Sunday, November 24, 2013

Eternal Return

I have been back in Canada exactly one month. It is actually somewhat hard to believe that a month has passed by so fast - still jobless, sleepin' on my Dad's couch (I have upgraded to an air mattress but mostly I'm scared that Truman will pop it in his late night enthusiastic purrs and paw-stretches and I thus end up back on the couch); I am generally rather restless and spend most of my time reading and writing in coffeeshops and catching up with friends; my mind half in this wintery Canadian landscape, yet half still somewhere on an Istanbul hilltop. My feet in boots and socks trampling over snow, my hands still grasping halfheartedly at sheesha and kebabs.

I've been perfecting the sloppy art of post-modern hobo life now for 3 years, you think maybe I'd be used to it - but the reverse culture shock of coming home from 6 months living in Istanbul with all its +15 million inhabitants, to Calgarys modest 1 or so million, is still a pretty big change. I'd say my first 2 weeks here were spent in a bit of a stupor, and now I've finally woken up, eager to find a job, a new apartment, some semblance of "getting back on track" (whatever track that might be.)

As was to be expected, Ive drank a lot of pumpkin spice lattes, and ate my fair share of Pho. The concept of eating all sorts of different types of foods is almost overwhelming. I can easily eavesdrop on conversations once again and see girls and boys with big tattoos and crazy hair. The streets where I live are empty after dark, there are no children shooting cap guns at me, no goats being slaughtered in the street, no gas-van making the rounds, honking up and down the road and waking me at 7 am. Calls to prayer have been replaced with an eerie silence -one that I also love, that is the silence of Western Canadian winter, where the freshly fallen snow muffles everything else, and you hear the crunch of it under your boots like mashed potatoes. Yet the sense of space is staggering, and I miss Istanbul's crowds, getting lost in the crowd, assimilating into a giant throbbing mass of drunken people walking up Istiklal street on a Saturday night (which at the time, drove me crazy, but now of course seems so nostalgic). Canada is wonderful, I have no cause for complaints. It's all just a bit weird. How quickly I can feel back at home, as though I never left at all...yet how I still feel like when I fall asleep, eyes closed -I am in Istanbul.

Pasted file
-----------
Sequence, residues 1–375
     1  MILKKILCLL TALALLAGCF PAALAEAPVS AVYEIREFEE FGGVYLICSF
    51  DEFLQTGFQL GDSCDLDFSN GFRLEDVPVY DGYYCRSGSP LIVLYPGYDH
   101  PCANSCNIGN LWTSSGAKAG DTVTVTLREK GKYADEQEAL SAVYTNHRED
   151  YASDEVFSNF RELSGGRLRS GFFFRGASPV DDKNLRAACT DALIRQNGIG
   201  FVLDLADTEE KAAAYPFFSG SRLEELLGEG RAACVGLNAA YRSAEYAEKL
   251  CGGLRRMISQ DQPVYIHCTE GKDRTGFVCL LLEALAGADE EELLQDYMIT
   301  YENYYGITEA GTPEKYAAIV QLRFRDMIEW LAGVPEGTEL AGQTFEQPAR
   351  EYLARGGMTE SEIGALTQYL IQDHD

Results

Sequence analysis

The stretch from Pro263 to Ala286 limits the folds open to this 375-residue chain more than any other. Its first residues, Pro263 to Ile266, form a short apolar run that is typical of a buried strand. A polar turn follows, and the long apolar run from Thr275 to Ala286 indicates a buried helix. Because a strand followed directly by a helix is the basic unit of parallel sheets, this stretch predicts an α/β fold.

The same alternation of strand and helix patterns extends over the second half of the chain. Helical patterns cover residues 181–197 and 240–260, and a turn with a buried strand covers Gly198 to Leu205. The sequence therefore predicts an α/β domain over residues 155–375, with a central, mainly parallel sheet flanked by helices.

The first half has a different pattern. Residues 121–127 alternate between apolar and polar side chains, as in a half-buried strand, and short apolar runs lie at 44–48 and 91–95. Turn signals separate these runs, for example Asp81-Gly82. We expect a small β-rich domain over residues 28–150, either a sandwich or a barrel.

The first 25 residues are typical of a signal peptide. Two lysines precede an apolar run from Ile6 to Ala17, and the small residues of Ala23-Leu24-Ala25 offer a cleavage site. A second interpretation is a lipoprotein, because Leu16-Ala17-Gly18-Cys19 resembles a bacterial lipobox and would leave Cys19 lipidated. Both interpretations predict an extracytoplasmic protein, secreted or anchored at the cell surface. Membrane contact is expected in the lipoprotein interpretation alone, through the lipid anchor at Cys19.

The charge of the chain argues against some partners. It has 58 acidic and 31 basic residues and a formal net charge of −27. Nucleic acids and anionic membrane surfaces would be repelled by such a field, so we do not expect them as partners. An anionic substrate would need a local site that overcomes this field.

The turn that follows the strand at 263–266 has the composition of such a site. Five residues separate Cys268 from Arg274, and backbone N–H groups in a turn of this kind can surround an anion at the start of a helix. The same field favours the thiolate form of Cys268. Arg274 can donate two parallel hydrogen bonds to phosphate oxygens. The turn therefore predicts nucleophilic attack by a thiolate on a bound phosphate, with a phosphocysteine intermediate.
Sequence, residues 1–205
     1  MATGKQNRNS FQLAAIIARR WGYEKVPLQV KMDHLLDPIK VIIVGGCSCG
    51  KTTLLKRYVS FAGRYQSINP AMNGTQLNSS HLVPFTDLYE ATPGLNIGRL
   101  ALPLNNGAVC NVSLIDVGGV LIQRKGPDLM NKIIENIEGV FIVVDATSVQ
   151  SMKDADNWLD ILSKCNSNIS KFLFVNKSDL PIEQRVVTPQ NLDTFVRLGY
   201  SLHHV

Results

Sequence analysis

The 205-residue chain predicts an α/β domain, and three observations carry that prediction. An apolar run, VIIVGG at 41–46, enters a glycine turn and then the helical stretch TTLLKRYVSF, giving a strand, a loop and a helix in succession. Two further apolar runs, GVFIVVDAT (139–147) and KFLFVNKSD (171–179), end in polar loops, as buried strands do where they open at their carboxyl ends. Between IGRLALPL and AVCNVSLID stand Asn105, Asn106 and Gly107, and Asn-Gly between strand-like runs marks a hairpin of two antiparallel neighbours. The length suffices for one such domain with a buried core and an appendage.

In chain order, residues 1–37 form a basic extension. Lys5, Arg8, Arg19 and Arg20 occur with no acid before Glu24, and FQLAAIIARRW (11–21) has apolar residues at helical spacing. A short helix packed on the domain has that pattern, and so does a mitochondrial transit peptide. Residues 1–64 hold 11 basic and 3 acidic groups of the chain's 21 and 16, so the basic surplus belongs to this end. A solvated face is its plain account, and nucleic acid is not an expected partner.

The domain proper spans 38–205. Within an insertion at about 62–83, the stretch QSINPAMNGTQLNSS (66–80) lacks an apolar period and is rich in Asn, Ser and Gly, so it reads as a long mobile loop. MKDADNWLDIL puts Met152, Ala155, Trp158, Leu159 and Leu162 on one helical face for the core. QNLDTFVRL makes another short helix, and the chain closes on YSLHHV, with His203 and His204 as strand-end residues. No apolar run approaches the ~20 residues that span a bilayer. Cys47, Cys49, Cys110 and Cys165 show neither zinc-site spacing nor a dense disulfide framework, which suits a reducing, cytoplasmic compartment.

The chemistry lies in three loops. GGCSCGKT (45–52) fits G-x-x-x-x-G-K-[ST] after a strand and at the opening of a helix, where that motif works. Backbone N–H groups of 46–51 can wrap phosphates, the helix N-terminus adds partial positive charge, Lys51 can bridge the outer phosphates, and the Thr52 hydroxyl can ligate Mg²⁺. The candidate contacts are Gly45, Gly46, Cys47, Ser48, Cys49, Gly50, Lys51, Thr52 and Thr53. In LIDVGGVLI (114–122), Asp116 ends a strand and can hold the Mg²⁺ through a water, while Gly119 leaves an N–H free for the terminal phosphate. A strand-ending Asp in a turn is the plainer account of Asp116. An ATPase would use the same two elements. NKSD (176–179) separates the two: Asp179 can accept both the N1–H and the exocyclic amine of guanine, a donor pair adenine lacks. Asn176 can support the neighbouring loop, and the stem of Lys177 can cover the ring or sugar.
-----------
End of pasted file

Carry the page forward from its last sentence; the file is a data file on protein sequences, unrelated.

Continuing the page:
German Philosopher Theodor Adorno once wrote of displacement and writing, that "for the man who no longer has a homeland, writing becomes a place to live". Canada might be my homeland, but being that I have spent more time in the past few years outside of it, than in it, I guess it's far to say I feel like I'm living in some sort of exile, and maybe that's what motivates me to write so much - as ridiculous and pretentious as that does indeed sound.  At least that motivation is still there - even if I myself don't really know exactly where I am.

Canadian deer, caught in winter headlights

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